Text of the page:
Located in the heart of the city, the Victory Memorial Gardens is set on approximately 2 hectares of land. It is located on the corner of Baylis and Morrow Streets, along the banks of the Wollundry Lagoon.
The Gardens are popular with families and children, particularly to feed the ducks or play in the playground. It is also a popular location for a relaxing lunch with its inner city location just a short walk away.
Weddings are also frequently held in the Victory Memorial Gardens, with its sculptured gardens, lush grassed areas, memorial fountain and lagoon backdrop the Gardens provide the perfect variety needed to capture the special day.
Throughout the Gardens are various memorials, including The Cenotaph and dedications to the First and Second World Wars, and Vietnam War. Take a stroll through the Gardens and read up on our history by visiting these important memorials.
Wagga Wagga City Council, with City Partnership foundation member Wagga RSL Club, commenced a project in 2009 to restore the historic 'Anzac Avenue' in preparation for the 100th Anniversary of the landing at Gallipoli in 2015.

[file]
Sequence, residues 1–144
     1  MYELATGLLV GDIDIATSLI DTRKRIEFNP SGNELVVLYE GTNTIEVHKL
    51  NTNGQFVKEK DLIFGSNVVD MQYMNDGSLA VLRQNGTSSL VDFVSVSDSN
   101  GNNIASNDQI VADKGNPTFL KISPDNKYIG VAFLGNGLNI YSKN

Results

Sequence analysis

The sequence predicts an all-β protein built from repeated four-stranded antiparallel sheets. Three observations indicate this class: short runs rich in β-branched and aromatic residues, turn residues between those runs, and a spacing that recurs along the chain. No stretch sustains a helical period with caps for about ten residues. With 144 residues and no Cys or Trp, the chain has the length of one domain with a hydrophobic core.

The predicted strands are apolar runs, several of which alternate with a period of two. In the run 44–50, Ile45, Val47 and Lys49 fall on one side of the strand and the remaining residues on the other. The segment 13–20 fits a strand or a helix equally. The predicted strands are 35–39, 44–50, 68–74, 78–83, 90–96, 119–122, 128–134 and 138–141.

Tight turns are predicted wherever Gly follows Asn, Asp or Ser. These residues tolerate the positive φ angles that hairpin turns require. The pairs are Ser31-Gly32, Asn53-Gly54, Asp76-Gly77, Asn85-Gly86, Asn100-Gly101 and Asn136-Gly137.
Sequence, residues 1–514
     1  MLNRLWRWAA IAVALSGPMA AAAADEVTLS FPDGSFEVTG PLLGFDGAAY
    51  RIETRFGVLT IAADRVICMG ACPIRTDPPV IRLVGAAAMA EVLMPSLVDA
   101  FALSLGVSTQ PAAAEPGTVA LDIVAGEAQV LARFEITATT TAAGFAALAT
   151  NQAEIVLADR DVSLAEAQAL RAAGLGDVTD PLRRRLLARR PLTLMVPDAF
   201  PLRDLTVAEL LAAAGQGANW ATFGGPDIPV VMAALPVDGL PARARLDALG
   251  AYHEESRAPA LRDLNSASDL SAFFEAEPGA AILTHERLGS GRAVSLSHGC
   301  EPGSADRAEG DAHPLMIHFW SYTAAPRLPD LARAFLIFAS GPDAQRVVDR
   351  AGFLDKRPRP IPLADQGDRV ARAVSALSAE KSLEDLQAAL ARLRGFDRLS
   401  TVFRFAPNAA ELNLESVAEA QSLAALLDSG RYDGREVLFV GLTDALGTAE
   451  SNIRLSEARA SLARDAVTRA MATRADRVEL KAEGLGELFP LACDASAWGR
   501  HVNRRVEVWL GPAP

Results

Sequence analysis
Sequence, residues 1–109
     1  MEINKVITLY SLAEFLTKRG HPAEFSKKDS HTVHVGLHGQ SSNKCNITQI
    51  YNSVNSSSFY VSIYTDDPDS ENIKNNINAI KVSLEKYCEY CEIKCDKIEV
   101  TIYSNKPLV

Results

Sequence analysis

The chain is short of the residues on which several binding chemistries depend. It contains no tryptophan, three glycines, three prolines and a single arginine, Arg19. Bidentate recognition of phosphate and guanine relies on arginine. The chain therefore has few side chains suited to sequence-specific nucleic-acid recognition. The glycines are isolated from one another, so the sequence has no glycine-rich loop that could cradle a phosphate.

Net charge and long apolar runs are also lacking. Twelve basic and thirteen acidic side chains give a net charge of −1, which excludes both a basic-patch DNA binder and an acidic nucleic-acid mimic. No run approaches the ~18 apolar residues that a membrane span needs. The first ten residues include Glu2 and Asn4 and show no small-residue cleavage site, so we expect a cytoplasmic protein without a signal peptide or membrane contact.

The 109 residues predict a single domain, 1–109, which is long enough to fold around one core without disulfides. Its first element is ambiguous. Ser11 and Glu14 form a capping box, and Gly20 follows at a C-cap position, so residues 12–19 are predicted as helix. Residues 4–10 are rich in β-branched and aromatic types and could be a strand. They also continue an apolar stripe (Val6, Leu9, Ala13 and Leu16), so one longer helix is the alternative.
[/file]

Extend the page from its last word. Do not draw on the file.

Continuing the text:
Anzac Avenue runs along The Esplanade from Beckwith Street bridge, Ivan Jack Drive and Morrow Street alongside the Victory Memorial Gardens.
Stage One of the project in 2009 saw the removal and replacement of existing aged and dying poplars along The Esplanade, from the Beckwith Street bridge to Ivan Jack Drive.
Stage Two of the project in 2010 involved removing and replacing the remaining 37 existing Polar trees along Ivan Jack Drive and Morrow Street, alongside the Victory Memorial Gardens.
Wagga RSL Club General Manager Andrew Bell said, "The RSL Club is proud to be a part of this fantastic restoration project that will serve as a living memorial for fallen diggers, we believe they should not be forgotten and this restoration work is a fitting tribute to their dedication."
Four trees, grafted from the original Poplar trees planted in Wagga in 1932, will be planted to form an entranceway at either end of the avenue. By forming an entranceway, Council is keeping alive the history of the current poplars.
The trees along Anzac Avenue have suffered through less than ideal climate conditions, so a replacement Poplar variety - Poplar P. Simonii - was sourced to ensure a greater survival rate and long term success.